5. Once you determine your conclusion/major claim, identify your audience, which should be uninformedand/or resistant to your position. Like Tompkins, you are going to take them through your research to lead them to your conclusion.
  6. Use inductive reasoning and Tompkins' structure as a model for the writing of your essay:
    • narrate history and personal relationship (experiential, observational, and or intellectual) to the question/problem; if you have no history or relationship to the issue, you may use someone you know--be creative--as want to, like Tompkins, begin with a strong appeals to pathos and ethos to engage your readers;
    • establish broader, national context for question/problem--this is your kairos;
    • present/define question/problem;
    • summarize, analyze, compare, and evaluate authors AND their arguments representing a diversity of perspectives (key: it is not enough to look at the primary text, as you must look at the writer and the original source of publication to evaluate bias, as Tompkins did);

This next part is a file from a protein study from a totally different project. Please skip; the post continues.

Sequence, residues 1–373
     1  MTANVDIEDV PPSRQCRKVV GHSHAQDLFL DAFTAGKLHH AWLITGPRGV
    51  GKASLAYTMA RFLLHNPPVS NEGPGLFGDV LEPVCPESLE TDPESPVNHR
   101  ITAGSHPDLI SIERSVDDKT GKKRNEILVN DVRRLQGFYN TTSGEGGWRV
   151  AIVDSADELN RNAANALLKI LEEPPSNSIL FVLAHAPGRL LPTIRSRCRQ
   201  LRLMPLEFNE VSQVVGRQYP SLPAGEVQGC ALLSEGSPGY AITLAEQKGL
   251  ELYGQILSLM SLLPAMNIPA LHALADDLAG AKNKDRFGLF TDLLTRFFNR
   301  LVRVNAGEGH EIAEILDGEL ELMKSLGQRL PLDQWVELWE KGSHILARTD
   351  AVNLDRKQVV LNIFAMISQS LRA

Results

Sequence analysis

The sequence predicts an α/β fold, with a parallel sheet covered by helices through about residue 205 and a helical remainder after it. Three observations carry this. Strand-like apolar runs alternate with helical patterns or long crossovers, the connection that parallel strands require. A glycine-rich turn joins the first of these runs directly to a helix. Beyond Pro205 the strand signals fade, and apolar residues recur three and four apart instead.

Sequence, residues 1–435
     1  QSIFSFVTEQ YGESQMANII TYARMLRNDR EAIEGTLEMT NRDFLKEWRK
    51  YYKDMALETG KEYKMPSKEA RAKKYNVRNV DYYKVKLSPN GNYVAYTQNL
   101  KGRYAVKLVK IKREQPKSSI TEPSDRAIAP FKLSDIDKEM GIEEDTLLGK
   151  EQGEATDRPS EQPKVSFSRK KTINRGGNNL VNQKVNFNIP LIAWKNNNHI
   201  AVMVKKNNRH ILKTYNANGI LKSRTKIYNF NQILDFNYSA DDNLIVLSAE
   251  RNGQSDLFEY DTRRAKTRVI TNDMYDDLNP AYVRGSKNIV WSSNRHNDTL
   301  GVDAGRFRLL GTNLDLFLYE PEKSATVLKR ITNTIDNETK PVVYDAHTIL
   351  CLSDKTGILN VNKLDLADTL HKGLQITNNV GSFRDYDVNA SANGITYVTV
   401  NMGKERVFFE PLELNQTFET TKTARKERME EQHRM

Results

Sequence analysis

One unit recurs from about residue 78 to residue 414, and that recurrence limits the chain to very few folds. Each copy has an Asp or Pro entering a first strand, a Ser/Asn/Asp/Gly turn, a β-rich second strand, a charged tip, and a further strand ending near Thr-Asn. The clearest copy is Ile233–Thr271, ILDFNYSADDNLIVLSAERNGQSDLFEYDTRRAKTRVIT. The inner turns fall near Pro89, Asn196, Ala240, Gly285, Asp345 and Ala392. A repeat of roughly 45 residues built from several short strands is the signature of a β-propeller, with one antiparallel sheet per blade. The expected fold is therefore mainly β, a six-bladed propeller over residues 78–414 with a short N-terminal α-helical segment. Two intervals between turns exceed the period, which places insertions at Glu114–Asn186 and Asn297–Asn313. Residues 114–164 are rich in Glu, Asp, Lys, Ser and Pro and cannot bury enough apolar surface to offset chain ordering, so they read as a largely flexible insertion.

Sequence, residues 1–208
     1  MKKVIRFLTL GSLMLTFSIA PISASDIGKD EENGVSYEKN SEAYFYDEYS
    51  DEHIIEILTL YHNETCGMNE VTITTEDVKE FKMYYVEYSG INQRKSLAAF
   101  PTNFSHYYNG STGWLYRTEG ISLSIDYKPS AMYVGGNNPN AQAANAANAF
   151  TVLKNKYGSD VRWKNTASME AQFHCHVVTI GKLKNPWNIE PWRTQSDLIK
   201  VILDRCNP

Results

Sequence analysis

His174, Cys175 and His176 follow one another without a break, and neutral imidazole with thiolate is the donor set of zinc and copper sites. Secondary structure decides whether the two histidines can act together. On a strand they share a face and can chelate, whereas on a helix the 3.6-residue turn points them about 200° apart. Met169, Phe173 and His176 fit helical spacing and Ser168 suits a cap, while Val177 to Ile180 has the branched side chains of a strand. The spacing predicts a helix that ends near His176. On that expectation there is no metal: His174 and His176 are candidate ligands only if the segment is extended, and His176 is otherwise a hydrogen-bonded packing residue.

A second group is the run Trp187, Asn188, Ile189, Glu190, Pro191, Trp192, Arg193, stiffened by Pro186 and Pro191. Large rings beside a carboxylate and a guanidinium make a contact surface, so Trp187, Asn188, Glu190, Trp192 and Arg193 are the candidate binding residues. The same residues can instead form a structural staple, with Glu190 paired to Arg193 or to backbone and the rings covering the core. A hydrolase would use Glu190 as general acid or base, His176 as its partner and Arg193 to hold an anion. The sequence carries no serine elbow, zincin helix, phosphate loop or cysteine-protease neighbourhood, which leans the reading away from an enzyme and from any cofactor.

• synthesize research and response to it;
    • present your conclusion, your resolution or solution to the question/problem (which may side with one or more of your sources), and provide reasons and evidence to support it--this should be a minimum of two, well-developed pages, not just a final paragraph;
    • if applicable, share any new question/s or problem/s encountered as a result of your research and critical thinking (as Tompkins did in her last paragraph).
  7. Adapt Tompkins' style and tone with your own; it is particularly effective for a resistant audience, a way of showing (rather than "telling") and persuading them to arrive at your conclusion. Yes, you may use "I," as you are taking your audience through your epistemological adventure, but be strategic with it.